Regarding your music and the musical process and all that's involved: how is it to handle, balance, and juggle the artistic, creative component along with the business-legal dimension?

andy said...

neat. whatd you think about the pres address the other night?

ThoughtCancer said...

I, for one, am more interested in your "broader human blathering" than I am in music news. You see, having been a fan of your music for almost 20 years, I know that your music will come when it comes, and fretting about whether your choose to talk more or less about it will not diminish my enjoyment of it when it finally does arrive.

So "blather" on, Eric! I can listen to your music on any of the many CD's I've got in my case (I've memorized most of it!), but tuning in to your blog is a new experience every time.

matt volpe said...

Hey Eric,

I admire your discussions on all topics, diversity is what makes life intersting, and your blog for that matter! I have very mixed feelings on the state of our country today, some days I feel very patriotic and others I am raging liberal. However, one thing I do know is that we have the freedom to articulate our ideas publicly like this place here, and that is a great thing. So please by all means keep on sharing your views and thoughts about it all! But of course, please always inform us about your musical endeavors--as if it weren't for your bass playing and music, my life would not be complete!

chris said...

yeah, this blog is completely refreshing, keep it up eric.

-ea. said...

juan- bienvenidos.

-ea. said...

j. - nepenthe. belle and i were there two weeks ago now. i was in search of a cappuccino. not good. you are so right though, view is spectacular. i believe orson welles gave it to rita hayworth as a gift. at least thats how legend has it.

tis true that i detoxed from the janes addiction experience by renting a place up there in '92 for a few months.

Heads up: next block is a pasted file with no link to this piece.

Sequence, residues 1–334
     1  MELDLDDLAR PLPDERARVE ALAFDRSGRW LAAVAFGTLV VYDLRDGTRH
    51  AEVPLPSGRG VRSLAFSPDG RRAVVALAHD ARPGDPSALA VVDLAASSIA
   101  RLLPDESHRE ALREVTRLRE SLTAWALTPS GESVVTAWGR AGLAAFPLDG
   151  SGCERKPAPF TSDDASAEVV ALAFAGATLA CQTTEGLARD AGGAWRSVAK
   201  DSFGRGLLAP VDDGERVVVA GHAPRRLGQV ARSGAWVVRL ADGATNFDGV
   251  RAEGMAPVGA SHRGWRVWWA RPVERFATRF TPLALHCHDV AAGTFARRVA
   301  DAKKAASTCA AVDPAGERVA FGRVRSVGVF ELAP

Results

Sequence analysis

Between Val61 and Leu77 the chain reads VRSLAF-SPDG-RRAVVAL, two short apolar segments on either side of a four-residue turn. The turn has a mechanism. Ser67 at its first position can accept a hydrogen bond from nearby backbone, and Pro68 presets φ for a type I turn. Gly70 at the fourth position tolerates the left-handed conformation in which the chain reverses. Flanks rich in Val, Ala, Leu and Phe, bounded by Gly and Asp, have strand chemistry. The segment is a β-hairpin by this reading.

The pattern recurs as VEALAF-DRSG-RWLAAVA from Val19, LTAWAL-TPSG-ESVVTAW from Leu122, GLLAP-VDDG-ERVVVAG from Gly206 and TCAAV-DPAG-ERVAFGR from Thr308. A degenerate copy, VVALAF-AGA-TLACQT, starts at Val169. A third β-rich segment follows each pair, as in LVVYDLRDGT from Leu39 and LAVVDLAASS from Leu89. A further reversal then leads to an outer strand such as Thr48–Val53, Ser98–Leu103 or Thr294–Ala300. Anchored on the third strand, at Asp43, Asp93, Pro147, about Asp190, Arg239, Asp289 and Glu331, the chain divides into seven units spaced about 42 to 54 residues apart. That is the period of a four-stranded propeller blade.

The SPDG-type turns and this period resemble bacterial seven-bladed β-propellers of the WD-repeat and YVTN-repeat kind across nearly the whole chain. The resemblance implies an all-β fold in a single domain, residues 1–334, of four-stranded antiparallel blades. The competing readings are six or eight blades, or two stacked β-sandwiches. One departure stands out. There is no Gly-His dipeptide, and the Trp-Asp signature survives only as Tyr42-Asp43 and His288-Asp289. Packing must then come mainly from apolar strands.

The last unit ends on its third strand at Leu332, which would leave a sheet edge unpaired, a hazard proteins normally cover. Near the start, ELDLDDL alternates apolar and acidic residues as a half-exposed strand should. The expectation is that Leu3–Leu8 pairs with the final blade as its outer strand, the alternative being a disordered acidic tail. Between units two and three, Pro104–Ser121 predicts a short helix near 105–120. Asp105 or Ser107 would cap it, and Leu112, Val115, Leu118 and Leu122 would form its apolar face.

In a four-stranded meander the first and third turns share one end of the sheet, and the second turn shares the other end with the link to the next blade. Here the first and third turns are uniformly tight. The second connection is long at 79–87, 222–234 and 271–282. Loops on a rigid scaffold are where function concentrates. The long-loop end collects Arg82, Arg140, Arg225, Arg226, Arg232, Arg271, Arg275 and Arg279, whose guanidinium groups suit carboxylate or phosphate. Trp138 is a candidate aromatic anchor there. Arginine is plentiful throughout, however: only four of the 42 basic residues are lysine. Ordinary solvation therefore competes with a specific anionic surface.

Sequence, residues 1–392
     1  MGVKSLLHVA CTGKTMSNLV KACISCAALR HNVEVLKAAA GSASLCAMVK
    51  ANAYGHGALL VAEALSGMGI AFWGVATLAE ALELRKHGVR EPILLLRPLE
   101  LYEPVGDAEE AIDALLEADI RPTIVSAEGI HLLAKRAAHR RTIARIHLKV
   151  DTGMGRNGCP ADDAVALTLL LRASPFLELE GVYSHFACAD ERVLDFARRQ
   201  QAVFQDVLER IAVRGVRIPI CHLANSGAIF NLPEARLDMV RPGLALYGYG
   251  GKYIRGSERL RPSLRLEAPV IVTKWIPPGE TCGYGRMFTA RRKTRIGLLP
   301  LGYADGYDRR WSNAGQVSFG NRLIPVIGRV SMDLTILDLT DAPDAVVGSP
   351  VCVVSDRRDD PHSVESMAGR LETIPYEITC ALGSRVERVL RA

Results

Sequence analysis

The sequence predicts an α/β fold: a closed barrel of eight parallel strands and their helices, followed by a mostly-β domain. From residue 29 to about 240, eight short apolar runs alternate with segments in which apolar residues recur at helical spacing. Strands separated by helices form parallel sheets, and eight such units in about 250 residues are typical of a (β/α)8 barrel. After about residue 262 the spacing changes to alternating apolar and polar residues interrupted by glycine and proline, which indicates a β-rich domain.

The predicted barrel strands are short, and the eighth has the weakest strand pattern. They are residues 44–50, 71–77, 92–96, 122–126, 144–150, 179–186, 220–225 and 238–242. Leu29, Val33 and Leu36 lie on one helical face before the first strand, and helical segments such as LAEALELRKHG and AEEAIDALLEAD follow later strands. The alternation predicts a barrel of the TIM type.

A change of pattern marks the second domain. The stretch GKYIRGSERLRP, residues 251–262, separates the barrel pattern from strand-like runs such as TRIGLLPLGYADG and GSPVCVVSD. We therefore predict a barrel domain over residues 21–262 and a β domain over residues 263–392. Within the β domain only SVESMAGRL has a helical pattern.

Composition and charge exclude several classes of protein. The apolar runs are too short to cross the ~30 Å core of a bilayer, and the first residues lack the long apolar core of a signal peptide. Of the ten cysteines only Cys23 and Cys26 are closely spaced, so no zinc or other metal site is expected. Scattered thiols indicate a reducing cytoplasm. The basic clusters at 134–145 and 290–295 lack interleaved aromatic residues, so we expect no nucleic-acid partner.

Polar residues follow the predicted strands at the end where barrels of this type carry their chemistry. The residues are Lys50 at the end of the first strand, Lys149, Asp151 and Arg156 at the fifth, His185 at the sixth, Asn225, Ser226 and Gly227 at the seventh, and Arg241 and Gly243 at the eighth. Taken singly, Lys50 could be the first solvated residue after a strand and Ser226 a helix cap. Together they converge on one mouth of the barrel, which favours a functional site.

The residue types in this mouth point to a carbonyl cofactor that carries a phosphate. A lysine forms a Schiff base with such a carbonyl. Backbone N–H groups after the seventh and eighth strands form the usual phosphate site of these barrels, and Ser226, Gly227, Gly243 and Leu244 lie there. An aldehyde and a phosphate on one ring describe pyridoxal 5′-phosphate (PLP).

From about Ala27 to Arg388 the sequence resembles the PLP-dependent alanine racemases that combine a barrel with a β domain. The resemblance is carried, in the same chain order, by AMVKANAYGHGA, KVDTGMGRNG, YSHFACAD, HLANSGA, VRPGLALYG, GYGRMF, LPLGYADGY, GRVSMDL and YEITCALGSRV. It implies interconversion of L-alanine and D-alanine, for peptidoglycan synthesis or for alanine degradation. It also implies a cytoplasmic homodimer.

thinking about it, i dont really have any stories from up there. that is precisely why i appreciate it so. i go there when i dont want anything to happen. read. fuck. play chess. watch for whales. not good fodder for stories but really good for spending life time.

-ea. said...

sr.- right on.

-ea. said...

chris c. brian- interesting question. in my youth i was always wary of the effect that the blending of creative/business would have. i have found as ive gotten older my approach to the creative life is more of an artisan rather than an artist. i consider what i do the same a carpenter making a chair. i am a small business owner. i am interested in making the best and most interesting music i can. when that part is finished, i am interested in finding ways to distribute the work. no real conflict. all inter- related to the same end. getting the best product to the most appreciative ears. all interesting.

-ea. said...

andy- i thought our fearless leader looked a little more human for the first time. human frailty? i think the plan he presented us with was really 'stay the course' repackaged.

my prediction still holds that i believe we will wind up trying to almost invisibly navigate or steer the civil war with a diminishing traditional troop level. while trying to position ourselves to continue a relationship with the 'winners' of the conflict. so that in the end we can stay in the region with the cia and delta forces fighting extremists for many years. i believe this is the eventual outcome whether it happens now or a few years from now. unfortunately i think this 'surge' just means that more american kids will have to die on the way there.

-ea. said...

thoughtcancer- right on.

-ea. said...

matt volpe- this is interesting. "some days I feel very patriotic and others I am raging liberal". you see this is what i was speaking alluding to in my post. in an unexamined way i have always thought this same way. why do i have to choose between liberalism and patriotism? obviously this country is far from perfect in the application of its principles but that seems like a false choice.

Anonymous said...

liberalism and patriotism aren't mutually excusive. When I rail against the current admins policy, I am invariably assaulted with questions that masquerade as intelligent queries, but are really veiled attempts to degrade and humiliate me based on their assumtion of what patriotism is all about. My response is we are a far better country than one to hide behind mistruths and disingenuity. Veritas always.

Anonymous said...